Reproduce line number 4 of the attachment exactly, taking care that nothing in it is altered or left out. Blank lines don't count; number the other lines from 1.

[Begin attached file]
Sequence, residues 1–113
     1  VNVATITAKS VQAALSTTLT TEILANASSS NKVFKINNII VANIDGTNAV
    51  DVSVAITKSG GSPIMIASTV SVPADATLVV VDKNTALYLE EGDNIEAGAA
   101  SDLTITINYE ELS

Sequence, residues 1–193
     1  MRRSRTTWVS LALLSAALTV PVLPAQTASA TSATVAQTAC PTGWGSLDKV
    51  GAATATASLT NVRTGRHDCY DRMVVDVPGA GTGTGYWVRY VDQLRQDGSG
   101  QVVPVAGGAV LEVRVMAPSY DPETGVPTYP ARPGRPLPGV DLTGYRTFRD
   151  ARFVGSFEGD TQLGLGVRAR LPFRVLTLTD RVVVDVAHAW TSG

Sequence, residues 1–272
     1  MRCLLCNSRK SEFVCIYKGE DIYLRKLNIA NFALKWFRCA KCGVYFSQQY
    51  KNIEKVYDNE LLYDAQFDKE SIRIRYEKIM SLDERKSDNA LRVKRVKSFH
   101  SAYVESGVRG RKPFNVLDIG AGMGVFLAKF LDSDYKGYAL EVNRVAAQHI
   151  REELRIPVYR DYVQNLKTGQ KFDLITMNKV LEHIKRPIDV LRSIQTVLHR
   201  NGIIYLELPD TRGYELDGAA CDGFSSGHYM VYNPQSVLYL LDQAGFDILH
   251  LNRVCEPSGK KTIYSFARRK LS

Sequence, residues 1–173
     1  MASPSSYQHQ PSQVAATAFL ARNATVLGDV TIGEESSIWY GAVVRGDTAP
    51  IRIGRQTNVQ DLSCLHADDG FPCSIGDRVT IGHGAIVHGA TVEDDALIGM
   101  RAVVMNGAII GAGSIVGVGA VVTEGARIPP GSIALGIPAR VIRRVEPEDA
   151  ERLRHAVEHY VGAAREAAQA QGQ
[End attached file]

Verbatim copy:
   101  SDLTITINYE ELS